5 The above factor is critical in understanding the relationship between American and European call option prices. Figure 4 provides the stochastic dominance argument for the minimum price of the call option relative to its intrinsic value for both American and European calls. Note that, for nondividendpaying underlying stocks, the price of a European call option must be greater than or equal to the price of an American call option. This may seem counterintuitive since an American option allows the trader something (an early exercise feature) that the European option does not. So one would expect an American call to worth more than a European call. We explain why this is not so. The holder of an American call will decide to strike when the option is inthemoney. His payo is equal to the intrinsic value of the option. However, prior to expiration, the option has also time value. Upon exercise before the nal expiration date, this time value is lost. It is comparable to taking money out of your pocket and throwing it away. If one wanted to o set the option rather than exercising it, one could sell it and receive at least as much. So, for almost all assets, the American exercise feature does not add value to the value of the call option because there is no value in being able to exercise early if you could instead sell the option. 8 This explains why most people choose to o set options rather than exercise them. It also shows that there is no serious problem with the fact that the BS model holds for European calls while most options have an American exercise feature. By process of elimination, the time value for the Black and Scholes model must be determined by the other factors in eq. (1), i.e. N (d 1 ) and N (d 2 ) : Let us return to the logic of the process. The two sources of value to the buyer of a call option are: (i) an unlimited pro t potential when the stock price S T is above X; and (ii) a limited loss potential when the stock price S T is below X: Clearly, when one is betting on the market using an option, the trader is interested in the probability that the option will be pro table at the end of its life. As with any asset, what the investor is willing to pay for the option is the present value of the potential future pro ts. To assess the probabilities, some function must be applied to the possible movements of the underlying stock price. Black and Scholes assume that this 8 This may not be the case for a call option on an asset which pays coupons or dividends. There also exist circumstances where the early exercise of a put option may make sense (see Merton, 1973). 5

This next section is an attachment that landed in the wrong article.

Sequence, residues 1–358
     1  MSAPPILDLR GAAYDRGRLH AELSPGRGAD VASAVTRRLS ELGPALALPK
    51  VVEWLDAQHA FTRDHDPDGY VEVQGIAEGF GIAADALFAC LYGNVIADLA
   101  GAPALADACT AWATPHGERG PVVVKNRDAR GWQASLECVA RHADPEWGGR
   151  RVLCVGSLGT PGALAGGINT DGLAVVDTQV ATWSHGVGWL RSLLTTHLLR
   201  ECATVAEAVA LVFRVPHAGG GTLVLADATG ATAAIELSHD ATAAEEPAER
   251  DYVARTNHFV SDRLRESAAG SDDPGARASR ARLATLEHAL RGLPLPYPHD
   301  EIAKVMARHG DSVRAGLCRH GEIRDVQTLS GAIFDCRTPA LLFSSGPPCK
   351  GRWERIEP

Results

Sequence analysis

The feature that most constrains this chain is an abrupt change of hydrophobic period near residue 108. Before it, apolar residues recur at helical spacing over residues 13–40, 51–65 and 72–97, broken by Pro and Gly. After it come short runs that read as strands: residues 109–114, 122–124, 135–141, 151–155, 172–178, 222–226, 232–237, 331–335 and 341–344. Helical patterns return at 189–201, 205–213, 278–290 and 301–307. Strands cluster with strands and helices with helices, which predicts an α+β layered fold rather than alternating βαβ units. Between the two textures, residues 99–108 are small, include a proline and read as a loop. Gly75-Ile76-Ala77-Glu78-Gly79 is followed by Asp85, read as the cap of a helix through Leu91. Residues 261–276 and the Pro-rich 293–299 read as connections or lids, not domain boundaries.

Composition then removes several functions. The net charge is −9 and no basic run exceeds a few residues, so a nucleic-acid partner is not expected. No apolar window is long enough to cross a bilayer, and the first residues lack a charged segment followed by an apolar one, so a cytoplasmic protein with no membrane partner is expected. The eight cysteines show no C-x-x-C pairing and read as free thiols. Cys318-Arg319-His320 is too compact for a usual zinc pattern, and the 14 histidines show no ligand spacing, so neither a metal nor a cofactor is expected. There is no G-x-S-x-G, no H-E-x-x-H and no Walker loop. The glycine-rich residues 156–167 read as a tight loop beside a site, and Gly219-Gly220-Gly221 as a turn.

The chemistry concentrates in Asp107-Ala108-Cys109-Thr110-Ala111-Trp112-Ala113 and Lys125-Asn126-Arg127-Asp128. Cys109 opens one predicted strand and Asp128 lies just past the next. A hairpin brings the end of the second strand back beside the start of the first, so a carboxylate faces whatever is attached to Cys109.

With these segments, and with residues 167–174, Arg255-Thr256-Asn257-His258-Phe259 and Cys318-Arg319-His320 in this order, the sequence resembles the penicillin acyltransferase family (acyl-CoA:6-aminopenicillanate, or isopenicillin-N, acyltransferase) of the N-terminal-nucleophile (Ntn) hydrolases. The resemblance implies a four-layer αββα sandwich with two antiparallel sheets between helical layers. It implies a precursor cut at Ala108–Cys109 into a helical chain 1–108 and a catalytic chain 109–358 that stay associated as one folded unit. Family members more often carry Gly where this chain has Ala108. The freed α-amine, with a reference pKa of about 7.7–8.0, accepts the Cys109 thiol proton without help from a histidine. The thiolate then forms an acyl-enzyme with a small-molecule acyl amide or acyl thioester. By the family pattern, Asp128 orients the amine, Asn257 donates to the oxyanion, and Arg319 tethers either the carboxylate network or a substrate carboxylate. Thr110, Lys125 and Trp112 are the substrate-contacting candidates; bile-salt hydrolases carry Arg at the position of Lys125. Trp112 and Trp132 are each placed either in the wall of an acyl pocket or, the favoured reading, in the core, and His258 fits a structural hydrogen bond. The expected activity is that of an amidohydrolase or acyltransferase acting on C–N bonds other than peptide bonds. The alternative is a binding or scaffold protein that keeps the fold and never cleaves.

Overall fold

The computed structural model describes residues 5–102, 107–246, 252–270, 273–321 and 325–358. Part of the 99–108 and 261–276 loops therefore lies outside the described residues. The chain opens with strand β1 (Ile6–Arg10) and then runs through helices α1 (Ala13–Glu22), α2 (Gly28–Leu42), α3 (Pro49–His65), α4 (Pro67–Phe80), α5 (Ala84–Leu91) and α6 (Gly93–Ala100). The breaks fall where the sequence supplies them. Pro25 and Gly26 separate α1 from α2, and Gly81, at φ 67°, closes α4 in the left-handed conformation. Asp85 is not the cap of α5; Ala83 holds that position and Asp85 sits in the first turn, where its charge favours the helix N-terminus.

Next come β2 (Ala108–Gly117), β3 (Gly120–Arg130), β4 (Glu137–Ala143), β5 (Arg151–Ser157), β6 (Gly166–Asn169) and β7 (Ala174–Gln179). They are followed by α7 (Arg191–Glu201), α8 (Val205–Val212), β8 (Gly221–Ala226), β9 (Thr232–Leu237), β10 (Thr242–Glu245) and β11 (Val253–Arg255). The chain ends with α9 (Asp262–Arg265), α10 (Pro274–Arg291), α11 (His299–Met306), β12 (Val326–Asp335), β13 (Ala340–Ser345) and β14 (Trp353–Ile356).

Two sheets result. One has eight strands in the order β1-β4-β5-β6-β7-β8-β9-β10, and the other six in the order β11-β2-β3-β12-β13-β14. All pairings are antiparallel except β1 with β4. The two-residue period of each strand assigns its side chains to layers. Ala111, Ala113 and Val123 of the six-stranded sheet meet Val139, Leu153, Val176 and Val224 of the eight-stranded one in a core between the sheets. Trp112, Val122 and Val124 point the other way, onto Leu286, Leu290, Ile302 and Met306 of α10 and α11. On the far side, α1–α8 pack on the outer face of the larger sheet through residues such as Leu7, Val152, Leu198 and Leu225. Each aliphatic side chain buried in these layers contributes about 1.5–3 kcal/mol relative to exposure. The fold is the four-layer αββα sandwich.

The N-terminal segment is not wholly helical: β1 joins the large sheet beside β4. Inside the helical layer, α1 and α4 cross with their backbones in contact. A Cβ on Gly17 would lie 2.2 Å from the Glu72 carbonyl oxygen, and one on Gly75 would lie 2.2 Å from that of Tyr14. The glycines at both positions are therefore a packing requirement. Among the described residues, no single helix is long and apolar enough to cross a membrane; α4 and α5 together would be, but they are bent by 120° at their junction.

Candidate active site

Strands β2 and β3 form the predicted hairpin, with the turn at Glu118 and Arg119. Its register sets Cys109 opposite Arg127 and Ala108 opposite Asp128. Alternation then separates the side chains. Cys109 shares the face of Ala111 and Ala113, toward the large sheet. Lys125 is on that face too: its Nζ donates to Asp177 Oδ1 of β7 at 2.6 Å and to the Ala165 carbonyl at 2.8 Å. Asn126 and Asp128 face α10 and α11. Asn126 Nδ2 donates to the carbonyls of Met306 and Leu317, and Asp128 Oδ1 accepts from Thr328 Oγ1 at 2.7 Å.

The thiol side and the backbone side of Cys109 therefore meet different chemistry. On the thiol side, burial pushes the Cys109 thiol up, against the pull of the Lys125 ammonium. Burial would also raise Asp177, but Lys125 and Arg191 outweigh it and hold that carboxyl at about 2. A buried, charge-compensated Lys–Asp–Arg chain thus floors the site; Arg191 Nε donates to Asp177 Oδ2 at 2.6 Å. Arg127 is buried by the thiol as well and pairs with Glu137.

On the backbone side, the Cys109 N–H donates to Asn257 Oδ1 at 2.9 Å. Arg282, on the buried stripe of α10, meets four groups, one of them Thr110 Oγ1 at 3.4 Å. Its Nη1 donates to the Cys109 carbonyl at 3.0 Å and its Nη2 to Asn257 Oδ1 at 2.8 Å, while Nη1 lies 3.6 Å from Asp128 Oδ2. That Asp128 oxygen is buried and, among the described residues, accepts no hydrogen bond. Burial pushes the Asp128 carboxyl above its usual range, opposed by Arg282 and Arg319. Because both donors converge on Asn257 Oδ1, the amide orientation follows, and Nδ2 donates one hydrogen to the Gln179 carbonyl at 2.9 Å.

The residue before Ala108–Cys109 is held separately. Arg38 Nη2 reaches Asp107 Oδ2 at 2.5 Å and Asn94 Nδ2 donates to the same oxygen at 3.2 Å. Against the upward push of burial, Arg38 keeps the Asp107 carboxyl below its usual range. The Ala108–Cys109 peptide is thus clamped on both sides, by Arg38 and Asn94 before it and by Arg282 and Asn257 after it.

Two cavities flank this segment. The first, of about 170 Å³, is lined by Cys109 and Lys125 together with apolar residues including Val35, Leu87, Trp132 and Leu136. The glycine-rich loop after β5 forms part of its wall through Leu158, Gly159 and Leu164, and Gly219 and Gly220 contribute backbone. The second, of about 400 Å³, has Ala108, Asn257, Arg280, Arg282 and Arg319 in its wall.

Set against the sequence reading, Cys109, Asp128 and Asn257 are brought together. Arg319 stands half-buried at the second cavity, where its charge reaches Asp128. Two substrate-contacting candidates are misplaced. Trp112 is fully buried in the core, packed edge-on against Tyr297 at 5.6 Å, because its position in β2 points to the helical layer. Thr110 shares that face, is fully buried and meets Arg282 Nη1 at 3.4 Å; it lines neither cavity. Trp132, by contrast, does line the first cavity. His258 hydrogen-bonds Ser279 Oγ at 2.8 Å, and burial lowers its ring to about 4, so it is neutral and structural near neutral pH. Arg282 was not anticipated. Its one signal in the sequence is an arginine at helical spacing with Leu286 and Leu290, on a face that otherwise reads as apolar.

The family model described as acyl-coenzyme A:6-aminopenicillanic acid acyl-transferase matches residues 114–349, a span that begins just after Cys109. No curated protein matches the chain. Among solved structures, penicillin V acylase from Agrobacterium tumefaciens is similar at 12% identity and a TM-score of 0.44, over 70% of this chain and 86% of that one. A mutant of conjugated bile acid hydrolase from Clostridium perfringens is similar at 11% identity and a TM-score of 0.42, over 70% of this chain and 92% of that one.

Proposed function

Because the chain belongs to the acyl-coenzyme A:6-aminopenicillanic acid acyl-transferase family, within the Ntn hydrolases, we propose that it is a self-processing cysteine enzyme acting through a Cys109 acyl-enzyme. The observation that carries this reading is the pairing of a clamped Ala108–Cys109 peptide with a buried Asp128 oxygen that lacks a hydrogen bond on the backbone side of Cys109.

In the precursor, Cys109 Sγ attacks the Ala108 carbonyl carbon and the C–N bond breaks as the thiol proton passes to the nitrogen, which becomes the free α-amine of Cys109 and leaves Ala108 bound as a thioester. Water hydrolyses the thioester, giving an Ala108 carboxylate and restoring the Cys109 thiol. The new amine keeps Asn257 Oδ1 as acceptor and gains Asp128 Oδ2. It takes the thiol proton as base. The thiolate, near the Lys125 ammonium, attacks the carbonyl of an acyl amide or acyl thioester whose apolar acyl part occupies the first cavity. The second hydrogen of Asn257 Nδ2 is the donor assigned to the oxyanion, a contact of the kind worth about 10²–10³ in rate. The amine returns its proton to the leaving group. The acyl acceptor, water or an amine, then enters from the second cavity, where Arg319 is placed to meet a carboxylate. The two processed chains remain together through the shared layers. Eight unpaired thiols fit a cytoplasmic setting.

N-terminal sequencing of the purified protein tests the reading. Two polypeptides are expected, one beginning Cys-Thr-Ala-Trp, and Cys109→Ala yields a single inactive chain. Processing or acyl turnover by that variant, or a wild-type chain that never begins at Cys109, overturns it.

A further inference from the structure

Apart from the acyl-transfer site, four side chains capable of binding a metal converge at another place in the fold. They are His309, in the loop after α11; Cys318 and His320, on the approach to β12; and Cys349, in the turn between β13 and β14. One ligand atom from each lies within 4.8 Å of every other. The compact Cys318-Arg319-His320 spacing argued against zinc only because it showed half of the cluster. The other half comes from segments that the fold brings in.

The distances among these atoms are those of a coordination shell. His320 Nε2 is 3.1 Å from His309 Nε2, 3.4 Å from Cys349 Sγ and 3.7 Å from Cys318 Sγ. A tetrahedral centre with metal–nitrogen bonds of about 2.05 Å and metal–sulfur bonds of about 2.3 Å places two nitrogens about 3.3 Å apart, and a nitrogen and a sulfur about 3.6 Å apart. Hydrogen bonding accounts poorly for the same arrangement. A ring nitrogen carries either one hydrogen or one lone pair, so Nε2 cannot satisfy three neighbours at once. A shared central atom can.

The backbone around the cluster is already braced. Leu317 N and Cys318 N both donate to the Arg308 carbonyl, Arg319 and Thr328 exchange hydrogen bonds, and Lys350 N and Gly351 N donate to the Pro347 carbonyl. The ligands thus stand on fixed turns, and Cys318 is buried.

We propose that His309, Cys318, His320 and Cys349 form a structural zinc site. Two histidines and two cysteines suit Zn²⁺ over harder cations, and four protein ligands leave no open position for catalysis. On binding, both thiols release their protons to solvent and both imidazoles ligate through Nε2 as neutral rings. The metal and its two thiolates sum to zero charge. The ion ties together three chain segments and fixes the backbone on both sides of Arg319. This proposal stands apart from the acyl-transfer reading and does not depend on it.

6 process is that of a normal distribution for the returns of the stock (and a lognormal distribution for the prices). Let us write the above formally as an equation: C 0 = Prob (S T > X) [E (S T j S 0 > X) X] e rt ; (3) where E (S T j S 0 > X) denotes the expectation (conditional upon current information) of a variable that equals S T if S T > X and is zero otherwise. The above equation says that we are interested in the expected value of the future payo s: [E (S T j S 0 > X) X] : Then, this value is discounted back to present value: [E (S T j S > X) e rt : X] Finally, since the payo is an uncertain outcome, we need to weight it by the probability of its occurence. It can be shown that E (S T j S 0 > X) = S 0 N (d 1 ) N (d 2 ) ert ; where N (d 1 ) ; N (d 2 ) have been de ned in equations (1a)(1b). (3a) It can also be shown that the probability that the option will be exercised, i.e. Prob(S T > X) ; is given by N (d 2 ): Prob (S T > X) = N (d 2 ) : (3b) Now substitute eq.(3a)(3b) into eq. (3) to get: N (d 1 ) C 0 = N (d 2 ) S 0 N (d 2 ) ert X e rt = S 0 N (d 1 ) Xe rt N (d 2 ) : Note that the latter is the BS equation (1). 9 9 The Black and Scholes model (1) also gives the premium for an American call option on a nondividendpaying stock. Note that no exact analytic formula for the value of an American put option on a nondividendpaying stock has been produced. American put options are being valued using numerical procedures and analytical approximations. 6